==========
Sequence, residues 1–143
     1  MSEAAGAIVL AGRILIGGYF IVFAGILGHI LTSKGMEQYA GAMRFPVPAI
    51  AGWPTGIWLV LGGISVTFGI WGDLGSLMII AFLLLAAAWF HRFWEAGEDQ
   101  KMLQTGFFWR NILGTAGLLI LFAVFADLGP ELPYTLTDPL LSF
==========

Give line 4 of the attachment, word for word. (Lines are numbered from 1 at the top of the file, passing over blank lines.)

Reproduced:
   101  KMLQTGFFWR NILGTAGLLI LFAVFADLGP ELPYTLTDPL LSF